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Since 1339 the Doges' residence, it is a venue of excellence for major events and prestigious activities.
The Palazzo Ducale of Genoa is one of the city’s most admired symbols. Its construction started in 1298, when Genoa was consolidating its economic power throughout the Mediterranean. The adjacent Palazzo Fieschi, which was bought by the Republic in 1294, was also incorporated into the building. Part of the medieval structure is still visibile today with its “Torre del Popolo” (Tower of the people), also known as “La Grimaldina”.
Over the 14th and 15th centuries new buildings were added to the Palazzo. In the 16th century a new look was given to the palace, which was believed to be more adequate than the medieval building to welcome and extol the role of the new Oligarchic Republic. In 1591, Ticino architect Andrea Ceresola, called “il Vannone”, was given the job of rebuilding the Palazzo. This resulted in a “monumental complex” featuring the grand hall with two porticoed courtyards on the sides, the wide, grand staircase leading from the hall to the loggias of the first floor, the guest rooms and the Doge’s apartments with the annexed chapel.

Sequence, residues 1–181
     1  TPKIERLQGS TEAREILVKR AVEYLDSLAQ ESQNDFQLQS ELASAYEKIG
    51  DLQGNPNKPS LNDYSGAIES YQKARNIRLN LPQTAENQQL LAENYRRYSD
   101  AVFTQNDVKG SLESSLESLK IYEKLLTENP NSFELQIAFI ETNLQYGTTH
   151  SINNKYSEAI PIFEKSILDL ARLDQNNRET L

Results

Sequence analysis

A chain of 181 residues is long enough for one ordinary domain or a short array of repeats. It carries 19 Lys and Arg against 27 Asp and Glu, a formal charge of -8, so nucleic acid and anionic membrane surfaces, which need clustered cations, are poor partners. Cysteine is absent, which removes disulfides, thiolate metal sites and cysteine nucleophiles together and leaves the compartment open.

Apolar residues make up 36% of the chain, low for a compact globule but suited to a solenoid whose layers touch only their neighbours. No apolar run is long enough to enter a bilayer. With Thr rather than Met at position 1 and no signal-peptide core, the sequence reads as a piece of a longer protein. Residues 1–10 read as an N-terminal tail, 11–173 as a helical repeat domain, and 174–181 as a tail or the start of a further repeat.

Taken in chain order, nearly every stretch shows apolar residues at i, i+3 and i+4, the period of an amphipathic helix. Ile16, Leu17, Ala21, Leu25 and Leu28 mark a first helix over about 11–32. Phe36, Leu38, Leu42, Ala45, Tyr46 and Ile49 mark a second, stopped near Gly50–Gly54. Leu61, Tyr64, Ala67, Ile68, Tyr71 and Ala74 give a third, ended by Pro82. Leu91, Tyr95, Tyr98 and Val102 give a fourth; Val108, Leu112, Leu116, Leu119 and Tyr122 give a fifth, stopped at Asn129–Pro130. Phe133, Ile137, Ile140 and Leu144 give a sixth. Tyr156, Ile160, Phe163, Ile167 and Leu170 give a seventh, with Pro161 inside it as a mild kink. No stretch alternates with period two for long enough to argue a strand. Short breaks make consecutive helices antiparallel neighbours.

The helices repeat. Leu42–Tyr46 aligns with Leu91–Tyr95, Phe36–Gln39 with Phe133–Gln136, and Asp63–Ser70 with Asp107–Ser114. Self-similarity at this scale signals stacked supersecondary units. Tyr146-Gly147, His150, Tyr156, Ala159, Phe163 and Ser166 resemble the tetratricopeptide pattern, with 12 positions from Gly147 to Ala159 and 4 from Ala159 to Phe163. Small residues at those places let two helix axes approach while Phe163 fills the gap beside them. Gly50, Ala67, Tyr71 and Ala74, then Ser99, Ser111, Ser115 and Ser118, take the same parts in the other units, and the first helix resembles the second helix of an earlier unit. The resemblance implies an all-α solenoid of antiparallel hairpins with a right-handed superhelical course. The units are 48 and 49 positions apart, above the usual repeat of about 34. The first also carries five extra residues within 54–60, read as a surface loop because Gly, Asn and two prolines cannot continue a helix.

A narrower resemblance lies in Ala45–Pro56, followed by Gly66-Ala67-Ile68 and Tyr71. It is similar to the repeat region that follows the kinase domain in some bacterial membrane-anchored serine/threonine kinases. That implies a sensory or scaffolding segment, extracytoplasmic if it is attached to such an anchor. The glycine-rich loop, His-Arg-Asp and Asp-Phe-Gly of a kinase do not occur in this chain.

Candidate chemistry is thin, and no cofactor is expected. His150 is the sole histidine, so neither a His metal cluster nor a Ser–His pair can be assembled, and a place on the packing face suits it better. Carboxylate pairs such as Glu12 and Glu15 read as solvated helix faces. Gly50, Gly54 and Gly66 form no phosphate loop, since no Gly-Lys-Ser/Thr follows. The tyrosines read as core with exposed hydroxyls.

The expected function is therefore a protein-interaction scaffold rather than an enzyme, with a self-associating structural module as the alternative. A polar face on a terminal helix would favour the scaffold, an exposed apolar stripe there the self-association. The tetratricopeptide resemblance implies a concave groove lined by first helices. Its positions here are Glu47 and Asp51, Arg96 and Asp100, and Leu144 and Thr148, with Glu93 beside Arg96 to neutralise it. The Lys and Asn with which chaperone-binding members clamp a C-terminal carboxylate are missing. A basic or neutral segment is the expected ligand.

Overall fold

The decoration of the rooms was also aimed at extolling the city’s glories. Restored after the fire of 1777, Ticino architect Simone Cantoni added neo-classical elements to the Palazzo. In the 19th and 20th centuries the palace underwent restoration of various kinds and, in particular, thanks to a complex renovation project – which, with its 300,000 square metres of volume, was the most extensive project ever accomplished in Europe – the palace regained its old splendour and was reopened to the city on May 14, 1992. The residence is the throbbing heart of the city’s cultural life; it superbly hosts major events, exhibitions and activities of quality and is also enlivened by trade and entertainment initiatives.
Disabled access has been checked by Terre di Mare Association; consult the webpage of Palazzo Ducale.
Further information: www.palazzoducale.genova.it